When you ask Johnny if he’ll go get it, he sighs melodramatically and huffs off toward the bar. He takes his time going to get some cranberry juice. He gives you the cup, and you in turn hold it up to Dominick’s lips. He sips a little, holds it for less than thirty seconds, then forcefully expels the liquid in a shower of pink. Some splashes on your jeans.

Johnny Z says, “Definitely a K-Hole.” He pats the top of Dominick’s head on his way out.

Dominick puts his head against the wall and says, “What happened?” He grips the edges of the stall where the door would be with his fingertips. His feet drag across the water on the floor, the splashing sounds punctuated by the steady drone of far-off music. Guys come in, see him there, and tut-tut over his bad form. You try not to look at anyone while you babysit Dominick. He probably didn’t take enough to overdose, only enough to make him sick and kill your buzz. Lean back on the sink and take stock of the situation: There’s nothing keeping you there. You could walk right out and find some company in minutes. No strings attached. Dominick found his way into the club; he can surely find his way back home. What do you owe him? He’s not even your boyfriend.

Johnny Z comes back in, arm in arm with an Asian guy with blue hair. He points to Dominick and says, “He thought it was coke, Brian.” Brain guy nods like a bored psychiatrist. He faces you and says, “We should give him some coke. That’ll wake him up.” Then he trains his eyes on your face and says, “Just a little bump, is all.”

You say, “No more drugs, Brian,” suddenly possessive and protecting. But looking around the room, especially at Dominick, Johnny Z and the blue-haired kid in that dingy light, you could definitely use a drink or a line or something. You have never felt so sober in your life.

You know what your problem is? You think too much. What a relief a few hours free of consciousness would be. Imagine what Dominick sees, holding his head on the toilet seat: the field of vision that fractures into moving planes like the icons on a slot machine. Faces warp and distort, familiar features blurring into an unrecognizable pulp of flesh and shadow. Time stops and a second can last all night. You’ve been there before. Still, to the inexperienced, to Dominick, the whole thing must be terrifying. Look at the poor guy there, with his hands clamped over his eyes to try to stop the hallucinations.

Dominick says, “Don’t leave me.”

Stay close to him, the water on the floor seeping in through your shoes to wet your socks. Say to him again and again, “I’m here. It’ll be all right.” Put your hand on his shoulder. He rubs his palm over your knuckles.

After another thirty-five, forty minutes, you figure he must be coming down. You ask him if he can walk and he says yes, but you have to get his arm around your neck again to lift him up. Steer him forward with your hand on the small of his back, out to the exit. The crowd in the front bar parts ahead of you and reforms behind.

Outside, the snow has just started to come down. You have always liked the way the sky looks when it snows at night, the lavender color overhead when light reflects back up from the street. The first flakes are not exactly falling, more like hovering in front of your face, too weightless to make it all the way to earth. There isn’t a cab out front, and you don’t remember the way to the subway. You head out toward the end of the block, toward the avenue and figure you’ll have more luck finding a taxi there. You could be headed east or west at this point. The island is so narrow down here and you can’t see either river through the flurry.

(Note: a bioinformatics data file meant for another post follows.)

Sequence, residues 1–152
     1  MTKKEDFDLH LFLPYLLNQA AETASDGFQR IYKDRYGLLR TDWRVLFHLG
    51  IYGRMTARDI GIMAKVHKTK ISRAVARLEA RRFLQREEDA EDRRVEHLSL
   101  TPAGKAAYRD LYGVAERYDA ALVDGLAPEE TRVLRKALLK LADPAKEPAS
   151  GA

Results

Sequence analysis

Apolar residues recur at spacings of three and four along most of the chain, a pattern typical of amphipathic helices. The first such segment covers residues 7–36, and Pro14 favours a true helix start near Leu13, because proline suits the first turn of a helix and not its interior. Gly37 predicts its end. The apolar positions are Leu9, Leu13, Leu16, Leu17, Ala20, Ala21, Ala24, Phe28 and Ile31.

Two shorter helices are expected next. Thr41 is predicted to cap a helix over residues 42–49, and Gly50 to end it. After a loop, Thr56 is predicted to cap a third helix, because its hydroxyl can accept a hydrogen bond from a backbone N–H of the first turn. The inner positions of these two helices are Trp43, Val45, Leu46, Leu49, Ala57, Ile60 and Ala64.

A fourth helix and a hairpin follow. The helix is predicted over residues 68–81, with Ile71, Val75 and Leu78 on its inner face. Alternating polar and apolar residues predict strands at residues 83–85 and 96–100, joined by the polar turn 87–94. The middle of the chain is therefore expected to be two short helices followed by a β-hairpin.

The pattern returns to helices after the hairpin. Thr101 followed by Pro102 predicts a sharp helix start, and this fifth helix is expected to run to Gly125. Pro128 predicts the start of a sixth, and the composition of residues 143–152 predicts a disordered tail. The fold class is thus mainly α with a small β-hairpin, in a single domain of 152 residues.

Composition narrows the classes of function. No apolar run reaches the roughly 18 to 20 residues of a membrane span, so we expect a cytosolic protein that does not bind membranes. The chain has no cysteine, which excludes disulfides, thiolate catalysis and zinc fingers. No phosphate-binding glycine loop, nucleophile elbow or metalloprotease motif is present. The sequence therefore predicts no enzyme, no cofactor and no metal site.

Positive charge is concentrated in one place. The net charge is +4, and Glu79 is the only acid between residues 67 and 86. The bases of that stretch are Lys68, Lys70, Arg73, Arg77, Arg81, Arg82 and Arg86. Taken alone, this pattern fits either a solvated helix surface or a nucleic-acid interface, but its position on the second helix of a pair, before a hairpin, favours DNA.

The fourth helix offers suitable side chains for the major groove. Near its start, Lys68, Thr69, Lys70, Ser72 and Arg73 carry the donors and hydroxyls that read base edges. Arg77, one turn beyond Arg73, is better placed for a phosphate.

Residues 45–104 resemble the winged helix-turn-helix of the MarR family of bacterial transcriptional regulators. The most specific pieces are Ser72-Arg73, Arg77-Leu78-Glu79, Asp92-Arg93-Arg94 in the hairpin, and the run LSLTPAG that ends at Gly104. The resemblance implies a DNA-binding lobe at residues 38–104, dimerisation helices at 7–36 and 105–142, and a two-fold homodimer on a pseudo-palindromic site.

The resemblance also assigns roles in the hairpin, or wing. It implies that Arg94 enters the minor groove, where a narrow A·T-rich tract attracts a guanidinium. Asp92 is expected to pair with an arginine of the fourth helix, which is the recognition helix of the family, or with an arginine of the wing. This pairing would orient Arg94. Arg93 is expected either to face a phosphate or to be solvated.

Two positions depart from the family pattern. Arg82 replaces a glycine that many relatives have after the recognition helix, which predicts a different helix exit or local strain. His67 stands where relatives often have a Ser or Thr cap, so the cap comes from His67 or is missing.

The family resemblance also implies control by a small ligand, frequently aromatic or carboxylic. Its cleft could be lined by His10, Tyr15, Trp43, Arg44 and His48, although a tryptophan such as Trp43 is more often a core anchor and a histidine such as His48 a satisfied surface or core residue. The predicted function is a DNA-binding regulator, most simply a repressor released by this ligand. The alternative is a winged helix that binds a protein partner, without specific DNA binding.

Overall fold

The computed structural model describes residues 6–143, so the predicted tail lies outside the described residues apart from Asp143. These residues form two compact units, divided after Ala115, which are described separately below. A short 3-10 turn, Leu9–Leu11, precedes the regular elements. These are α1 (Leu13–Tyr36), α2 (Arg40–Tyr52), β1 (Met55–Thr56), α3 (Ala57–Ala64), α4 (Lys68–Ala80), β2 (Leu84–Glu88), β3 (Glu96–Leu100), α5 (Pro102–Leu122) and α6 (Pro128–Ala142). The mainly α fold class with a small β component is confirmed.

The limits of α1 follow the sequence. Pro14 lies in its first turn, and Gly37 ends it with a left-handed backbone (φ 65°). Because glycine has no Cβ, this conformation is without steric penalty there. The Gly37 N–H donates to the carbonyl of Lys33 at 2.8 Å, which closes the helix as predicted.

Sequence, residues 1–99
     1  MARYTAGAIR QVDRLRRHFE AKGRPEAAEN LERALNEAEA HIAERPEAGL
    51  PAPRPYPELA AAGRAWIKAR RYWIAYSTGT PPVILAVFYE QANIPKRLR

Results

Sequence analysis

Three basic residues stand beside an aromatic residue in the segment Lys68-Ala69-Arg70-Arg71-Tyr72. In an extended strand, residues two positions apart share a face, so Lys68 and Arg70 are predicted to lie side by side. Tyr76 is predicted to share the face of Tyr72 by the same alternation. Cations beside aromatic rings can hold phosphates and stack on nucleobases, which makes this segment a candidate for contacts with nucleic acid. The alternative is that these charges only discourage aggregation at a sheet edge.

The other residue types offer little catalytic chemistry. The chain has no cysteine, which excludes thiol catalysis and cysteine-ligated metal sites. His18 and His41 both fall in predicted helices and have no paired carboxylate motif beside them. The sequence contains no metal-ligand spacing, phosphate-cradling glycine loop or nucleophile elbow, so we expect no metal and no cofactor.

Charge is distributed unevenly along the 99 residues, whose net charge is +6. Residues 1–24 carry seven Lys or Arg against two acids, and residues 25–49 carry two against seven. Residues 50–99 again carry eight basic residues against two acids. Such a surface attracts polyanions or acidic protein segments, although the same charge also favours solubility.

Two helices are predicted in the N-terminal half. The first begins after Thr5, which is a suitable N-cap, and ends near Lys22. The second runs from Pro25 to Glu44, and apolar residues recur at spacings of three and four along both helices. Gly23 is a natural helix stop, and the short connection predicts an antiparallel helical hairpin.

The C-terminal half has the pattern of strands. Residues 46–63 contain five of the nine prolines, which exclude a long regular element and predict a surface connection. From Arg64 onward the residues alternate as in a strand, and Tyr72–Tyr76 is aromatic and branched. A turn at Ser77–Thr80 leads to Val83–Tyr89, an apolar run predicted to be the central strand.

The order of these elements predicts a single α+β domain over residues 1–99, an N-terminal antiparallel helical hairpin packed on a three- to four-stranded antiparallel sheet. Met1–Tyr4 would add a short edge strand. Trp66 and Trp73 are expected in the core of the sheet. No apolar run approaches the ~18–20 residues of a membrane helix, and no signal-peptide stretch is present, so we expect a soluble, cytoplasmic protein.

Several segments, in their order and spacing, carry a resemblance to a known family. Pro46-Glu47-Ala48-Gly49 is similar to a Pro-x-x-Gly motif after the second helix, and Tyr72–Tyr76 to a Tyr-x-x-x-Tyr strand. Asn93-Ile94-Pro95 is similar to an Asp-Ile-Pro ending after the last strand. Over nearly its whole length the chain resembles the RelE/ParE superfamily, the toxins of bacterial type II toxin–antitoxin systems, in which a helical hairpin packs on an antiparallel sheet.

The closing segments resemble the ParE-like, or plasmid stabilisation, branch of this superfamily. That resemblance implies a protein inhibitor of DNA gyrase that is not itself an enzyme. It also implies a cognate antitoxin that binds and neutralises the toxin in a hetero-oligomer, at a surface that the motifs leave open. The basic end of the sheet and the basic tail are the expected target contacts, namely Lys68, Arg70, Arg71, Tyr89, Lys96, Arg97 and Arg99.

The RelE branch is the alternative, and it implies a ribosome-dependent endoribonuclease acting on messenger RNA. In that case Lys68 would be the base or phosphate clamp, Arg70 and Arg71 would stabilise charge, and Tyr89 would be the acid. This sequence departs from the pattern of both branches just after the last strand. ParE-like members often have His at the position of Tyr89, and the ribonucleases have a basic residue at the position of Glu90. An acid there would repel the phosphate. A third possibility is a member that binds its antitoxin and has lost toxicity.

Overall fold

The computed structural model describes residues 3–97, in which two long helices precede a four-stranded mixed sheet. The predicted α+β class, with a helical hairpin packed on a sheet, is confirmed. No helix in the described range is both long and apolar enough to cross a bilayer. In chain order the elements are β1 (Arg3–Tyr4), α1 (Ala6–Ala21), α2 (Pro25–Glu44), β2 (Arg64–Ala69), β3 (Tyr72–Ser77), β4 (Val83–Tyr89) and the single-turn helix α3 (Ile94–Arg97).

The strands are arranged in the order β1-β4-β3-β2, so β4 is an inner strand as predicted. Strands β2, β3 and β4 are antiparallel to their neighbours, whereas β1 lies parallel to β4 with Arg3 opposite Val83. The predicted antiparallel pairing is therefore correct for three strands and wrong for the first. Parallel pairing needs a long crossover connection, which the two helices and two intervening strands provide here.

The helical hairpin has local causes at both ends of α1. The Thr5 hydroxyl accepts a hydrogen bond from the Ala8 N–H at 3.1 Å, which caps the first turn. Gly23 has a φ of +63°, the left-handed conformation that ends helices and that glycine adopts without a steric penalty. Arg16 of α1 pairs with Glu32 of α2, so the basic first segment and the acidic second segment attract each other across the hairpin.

The little lane rises toward the corner, so that you are trudging uphill. The snow in your face obscures the street signs. You can’t make out the name of the avenue, but before you make the corner you see a few cabs streaking by with their signs lit. The street evens out under you and you step out from the maze of buildings onto Church Street in front of the empty lot that used to be the World Trade Center: Ground Zero.

Wood construction barricades encircle the site, a block long on each side. Hundred-foot-tall cranes, still moving even at this hour, twist gracefully at the bottom of the far side of the crater, several stories below street level. Powerful beams mounted on white trucks shine up from the pit like the lights in a swimming pool at night. You can hear the hum of the electricity that powers the banks of spotlights.

Even Dominick is struck by the immensity of the emptiness there, the startling lack of architecture. He says, “Jesus Christ.” You both stand there a minute, watching, the currents of the wind visible as stippled lines of snowflakes eddying in midair .

A taxi zooms by and you flag it with your free hand. The cabbie pulls over and you help Dominick into the backseat. The driver sinks down in his seat and bends his neck so he can look up through the windshield and see the motes of snow rising and twisting on the wind. You watch as long as you can, the car inching forward so the driver can take in the sight. When he can’t see anymore because the angle is wrong, he hits the accelerator and you lurch forward in your seat.

After you tell the driver the address, no one speaks. You think you can still see the light shining in the snow all the way uptown, a faint halo on the horizon out the back window. When the cab pulls up in front of your building, you take out Dominick’s wallet and pay the fare.

In the hall outside your front door, you strip off all of Dominick’s clothes. Naked, he rests his forehead on the wall and says, “I wish it would stop spinning.” Put him in the shower and help him wash. He climbs into the bed wet and passes out.

After you’ve had your cigarette and called André’s voicemail to tell him you made it home, clean up and slip in to the bed next to Dominick. Wait for the low murmur of his breath to emerge from the silence in you room, steady and slow, each inhale and exhale a unit of a perfect stillness. When you are sure he won’t wake up, tell him what you should have told him all those months ago. In a whisper, tell him how sorry you are for what you did, for the way you treated him. In the morning, when the snow has been marked with the dirty boot marks of the morning commute, you will have to negotiate with him, rehash the story, maybe give a lecture. But for now, just look at how peacefully he sleeps there – entirely defenseless, his head rested on your chest, the fingers of his hand delicately curled against his lip – as he dreams his way through the grief, the snow, and everything else.

[Forever after at]